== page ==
By | Ben Eubanks | Human Resources Professional, Speaker, and Blogger
I’ve written many times about my entry into the HR profession. One of the things I’ve always prioritized is creating resources to help people get into HR and move toward their strengths and interests. Over the last year I have answered countless emails from people needing career advice and support (some of them answered publicly here on the blog).
It’s difficult to answer every request, so after talking with a few people I have decided to start a podcast series on We’re Only Human that features content focused on HR careers. I recently started crowdsourcing the topics for this series, and a number of people pointed out critical things that they think new or aspiring HR pros need to know.
For example, consider some of the comments below:
I don’t think enough gets said to HR career seekers about the knowledge, experience, and skills you get and the knowledge, experience, and skills you need at a small company vs a midsize company vs a large company. Titles often appear similar across postings but duties and skills required are vastly different based on company sizes. –Marquesa Ortega
I had a hard time applying what I learned in school to my HR career. It took a couple of years to close that gap. I found it difficult to know how and when to apply what I had learned since it’s not as obvious in the context of work. There isn’t a quiz at the end of the day. You have to always be considering when to use what you learned. That’s something I would have liked to learn about so maybe others would too. –Andrea Lato
There needs to be more awareness of the knowledge-skills gap for HR folks. I have hired dozens of HR practitioners right out of school who have acquired quite a bit of knowledge (some with 6 years that includes a Master’s in HR), but lack the skill set to be effective, without quite a bit of upskilling and training. In terms of skills, I am talking about: tech selection and procurement, writing a business case, tech implementation, change management Comms and training, content/copy writing for external and internal Comms, data collection, data analytics, basic Stats, design thinking, marketing skills for recruitment, branding (for building an employer brand), Machine Learning, evidence based practice, and I can go on and on… The solution: let’s be honest up front and let the next generation of human resources pros know that their career will be a lifelong learning journey covering the skill sets mentioned above, along with many others, and that they should embrace being a Polymath. It is indeed an exciting time to be joining the ranks of HR! –Robert St-Jacques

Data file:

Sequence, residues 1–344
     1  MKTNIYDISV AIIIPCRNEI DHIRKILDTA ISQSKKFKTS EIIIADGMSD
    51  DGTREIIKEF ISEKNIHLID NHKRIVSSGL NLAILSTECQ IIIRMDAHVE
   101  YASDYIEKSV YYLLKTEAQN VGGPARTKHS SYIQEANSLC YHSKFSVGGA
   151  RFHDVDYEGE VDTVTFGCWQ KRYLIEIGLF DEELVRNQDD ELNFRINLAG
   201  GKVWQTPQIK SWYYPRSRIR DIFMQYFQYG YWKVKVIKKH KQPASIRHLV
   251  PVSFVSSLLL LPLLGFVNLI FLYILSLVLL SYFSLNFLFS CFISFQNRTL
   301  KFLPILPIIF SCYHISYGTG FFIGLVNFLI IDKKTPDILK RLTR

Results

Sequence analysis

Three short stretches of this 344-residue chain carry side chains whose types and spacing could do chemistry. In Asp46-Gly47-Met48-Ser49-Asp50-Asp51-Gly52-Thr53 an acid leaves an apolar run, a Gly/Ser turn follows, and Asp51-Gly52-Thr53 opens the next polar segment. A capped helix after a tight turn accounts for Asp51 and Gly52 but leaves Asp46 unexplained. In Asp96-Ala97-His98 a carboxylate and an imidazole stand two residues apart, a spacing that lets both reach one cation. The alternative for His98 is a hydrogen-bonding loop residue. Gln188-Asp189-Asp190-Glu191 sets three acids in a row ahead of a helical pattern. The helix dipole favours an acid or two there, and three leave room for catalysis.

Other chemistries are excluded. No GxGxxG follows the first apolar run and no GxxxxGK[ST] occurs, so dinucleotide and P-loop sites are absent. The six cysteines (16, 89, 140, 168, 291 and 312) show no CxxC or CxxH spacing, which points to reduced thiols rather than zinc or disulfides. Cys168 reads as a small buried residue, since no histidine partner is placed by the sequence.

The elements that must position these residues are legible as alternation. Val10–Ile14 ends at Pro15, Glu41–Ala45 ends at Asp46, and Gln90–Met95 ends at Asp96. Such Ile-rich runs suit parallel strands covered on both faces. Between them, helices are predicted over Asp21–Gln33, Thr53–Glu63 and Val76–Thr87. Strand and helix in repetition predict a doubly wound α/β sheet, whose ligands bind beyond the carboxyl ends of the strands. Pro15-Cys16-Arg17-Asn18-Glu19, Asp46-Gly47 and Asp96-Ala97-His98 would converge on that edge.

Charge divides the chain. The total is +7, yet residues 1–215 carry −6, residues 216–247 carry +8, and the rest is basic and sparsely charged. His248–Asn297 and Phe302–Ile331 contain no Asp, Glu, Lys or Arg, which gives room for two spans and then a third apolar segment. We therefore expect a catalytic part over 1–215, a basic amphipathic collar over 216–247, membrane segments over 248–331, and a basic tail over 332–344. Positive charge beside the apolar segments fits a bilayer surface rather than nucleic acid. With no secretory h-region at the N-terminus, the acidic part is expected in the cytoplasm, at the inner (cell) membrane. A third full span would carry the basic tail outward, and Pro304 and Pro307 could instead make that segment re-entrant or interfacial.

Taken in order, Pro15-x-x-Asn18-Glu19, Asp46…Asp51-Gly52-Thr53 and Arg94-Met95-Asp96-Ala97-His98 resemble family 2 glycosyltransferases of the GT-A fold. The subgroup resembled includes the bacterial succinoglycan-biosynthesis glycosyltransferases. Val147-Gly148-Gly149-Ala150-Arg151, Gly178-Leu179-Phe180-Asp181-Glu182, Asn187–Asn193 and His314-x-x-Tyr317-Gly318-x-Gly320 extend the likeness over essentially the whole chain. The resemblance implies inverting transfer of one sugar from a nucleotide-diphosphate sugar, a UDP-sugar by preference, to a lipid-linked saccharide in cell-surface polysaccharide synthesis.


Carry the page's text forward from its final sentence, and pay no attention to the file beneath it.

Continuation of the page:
The “curriculum” for this series is almost finished, and I am starting to reach out to different experts to help us all learn about how to improve our careers. The goal for this series is to ensure a diverse set of perspectives, so at a minimum, half of the “instructors” that are interviewed will be minorities so that the advice will be applicable to everyone, not just a select set of listeners.
Let Your Voice Be Heard
If you’d like to add your own thoughts for the upcoming podcast series on HR careers (what do you want to know OR what advice would you give?), we would love to wrap them into the show. Just click this link and record yourself sharing your best tip for improving your HR career. If you give your name and city/region I would be glad to give you credit for your ideas. The best ideas will be short (30-60 seconds max) so we can incorporate them into the show.
We will pick from the best ones and send out a gift pack to the winners, but if we’re being honest, the real winners will be those that listen to the series to gain some knowledge, improve their leadership capabilities, and thrive in an HR career!
Getting a Head Start: Perspectives from the HR Community
As a head start on this career development journey, I asked some people I respect on Twitter to share their ideas that can help the next generation of HR leaders. Those comments are below and represent a wide variety of perspectives and viewpoints, and I’m thankful for each person for being willing to share their ideas with all of us. If you enjoy any (or all) of the ideas, be sure to like, retweet, and follow the individuals below. You’ll be better for it.